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I have to do the following approximation using the Reminder Estimation Theorem, and my question is my answer right?:

$$\cos(.1) \approx \mathbf{some \ value}$$

(I have a calculator, and google, I know such value, and the units are in radians.)

Using the MacLaurin Series:

$$\cos(x)=\sum_\limits{n=0}^\infty\dfrac{(-1)^n x^{2n}}{2n}=1-\frac{x^2}{2!}+\frac{x^4}{4!}…\frac{(-1)^n x^{2n}}{2n}$$

I then decided to substitute in the $.1$ for the $x$, and got the following.

$$\cos(.1)=\sum_\limits{n=0}^\infty\dfrac{(-1)^n .1^{2n}}{2n}=1-\frac{.1^2}{2!}+\frac{.1^4}{4!}…\frac{(-1)^n .1^{2n}}{2n}$$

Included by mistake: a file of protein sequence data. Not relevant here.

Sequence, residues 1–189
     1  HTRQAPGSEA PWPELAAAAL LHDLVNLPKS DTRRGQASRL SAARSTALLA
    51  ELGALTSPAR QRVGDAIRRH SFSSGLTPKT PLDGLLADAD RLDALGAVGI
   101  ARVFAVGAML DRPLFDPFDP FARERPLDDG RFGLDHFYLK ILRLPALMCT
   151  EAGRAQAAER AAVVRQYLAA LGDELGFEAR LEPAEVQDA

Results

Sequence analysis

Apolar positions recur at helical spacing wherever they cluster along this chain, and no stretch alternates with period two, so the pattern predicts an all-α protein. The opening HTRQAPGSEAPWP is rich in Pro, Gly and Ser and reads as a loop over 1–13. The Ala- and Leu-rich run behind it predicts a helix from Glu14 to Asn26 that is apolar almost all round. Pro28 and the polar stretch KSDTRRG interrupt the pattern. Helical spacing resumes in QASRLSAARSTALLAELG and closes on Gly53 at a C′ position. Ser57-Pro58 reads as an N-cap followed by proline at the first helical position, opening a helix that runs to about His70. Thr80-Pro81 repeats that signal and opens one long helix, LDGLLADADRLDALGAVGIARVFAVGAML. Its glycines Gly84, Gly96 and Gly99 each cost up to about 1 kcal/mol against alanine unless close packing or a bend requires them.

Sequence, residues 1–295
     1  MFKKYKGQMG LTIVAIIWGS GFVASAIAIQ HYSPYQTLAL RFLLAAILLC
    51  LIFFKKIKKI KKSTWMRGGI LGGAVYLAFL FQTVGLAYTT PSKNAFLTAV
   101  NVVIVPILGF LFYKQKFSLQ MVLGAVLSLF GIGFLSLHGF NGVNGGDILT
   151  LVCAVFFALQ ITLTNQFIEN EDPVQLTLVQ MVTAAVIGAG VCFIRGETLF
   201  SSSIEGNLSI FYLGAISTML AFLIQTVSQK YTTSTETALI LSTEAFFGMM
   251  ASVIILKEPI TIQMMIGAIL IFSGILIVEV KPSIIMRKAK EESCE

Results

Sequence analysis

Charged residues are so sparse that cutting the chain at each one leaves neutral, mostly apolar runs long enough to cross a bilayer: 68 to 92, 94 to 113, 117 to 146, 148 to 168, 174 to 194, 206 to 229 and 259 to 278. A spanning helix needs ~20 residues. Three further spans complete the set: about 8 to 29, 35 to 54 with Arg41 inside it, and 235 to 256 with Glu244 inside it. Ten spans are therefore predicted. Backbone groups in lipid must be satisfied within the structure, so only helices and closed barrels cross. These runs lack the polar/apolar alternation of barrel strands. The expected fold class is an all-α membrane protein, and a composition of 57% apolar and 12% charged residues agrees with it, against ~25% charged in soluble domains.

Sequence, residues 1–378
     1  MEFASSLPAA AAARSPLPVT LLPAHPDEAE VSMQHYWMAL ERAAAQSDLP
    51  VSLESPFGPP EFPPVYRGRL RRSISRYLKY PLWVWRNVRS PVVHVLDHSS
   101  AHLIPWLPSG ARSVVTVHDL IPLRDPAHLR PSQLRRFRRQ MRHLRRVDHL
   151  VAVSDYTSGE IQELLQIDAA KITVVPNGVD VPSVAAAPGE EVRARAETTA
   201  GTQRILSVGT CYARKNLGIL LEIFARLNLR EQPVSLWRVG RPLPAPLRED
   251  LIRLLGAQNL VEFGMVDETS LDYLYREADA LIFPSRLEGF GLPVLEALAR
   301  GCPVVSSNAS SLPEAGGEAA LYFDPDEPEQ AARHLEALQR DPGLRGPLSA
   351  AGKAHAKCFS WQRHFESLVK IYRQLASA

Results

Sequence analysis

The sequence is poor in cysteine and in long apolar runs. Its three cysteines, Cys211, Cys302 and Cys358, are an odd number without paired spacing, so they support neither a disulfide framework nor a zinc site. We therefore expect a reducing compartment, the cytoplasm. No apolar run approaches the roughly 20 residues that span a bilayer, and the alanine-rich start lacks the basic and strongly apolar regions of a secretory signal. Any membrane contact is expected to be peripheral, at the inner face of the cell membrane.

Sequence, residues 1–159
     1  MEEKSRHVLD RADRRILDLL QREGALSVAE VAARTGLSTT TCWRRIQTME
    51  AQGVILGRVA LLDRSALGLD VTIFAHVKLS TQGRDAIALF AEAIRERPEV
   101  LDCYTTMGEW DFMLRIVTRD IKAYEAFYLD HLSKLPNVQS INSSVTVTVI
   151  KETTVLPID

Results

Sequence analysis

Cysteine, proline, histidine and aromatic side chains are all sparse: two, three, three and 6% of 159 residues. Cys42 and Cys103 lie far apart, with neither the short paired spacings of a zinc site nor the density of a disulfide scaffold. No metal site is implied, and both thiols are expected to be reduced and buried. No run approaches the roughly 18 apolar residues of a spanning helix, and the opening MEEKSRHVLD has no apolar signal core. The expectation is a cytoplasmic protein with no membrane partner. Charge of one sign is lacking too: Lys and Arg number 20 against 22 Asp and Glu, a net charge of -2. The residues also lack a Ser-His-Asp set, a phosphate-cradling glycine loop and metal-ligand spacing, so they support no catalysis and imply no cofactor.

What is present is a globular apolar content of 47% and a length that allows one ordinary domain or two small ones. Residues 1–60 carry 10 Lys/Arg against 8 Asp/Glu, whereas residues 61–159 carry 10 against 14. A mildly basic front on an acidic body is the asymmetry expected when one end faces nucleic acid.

The textbook that I am using gives the Reminder Estimation Theorem in the following format:

$$\vert R_n(x)\vert \le \frac{M}{(n+1)!}\vert x-x_o\vert^{n+1}$$

I then got it to the following method:

Method of Answering Question

\begin{align} 0\le\vert R_n(x)\vert&\le\frac{(.1)^{n+1}}{(n+1)!}\le.000005 \end{align} Using the first two terms I then processed the answer as the following: $$1-\frac{.1^2}{2!}=.995$$ Because the third term gave me the following value: $\frac{.1^4}{4!}\approx. 4.1666666...*10^{-6}$

Note these results are from a TI-83 Plus, and its in float mode.

Is my answer right?

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You are (partially) right. Either use the remainder, where $M$ is a bound on a derivative of $\cos x$ (thus 1), or see that it is a series of alternating sign terms, and the error is less than the first omited term.

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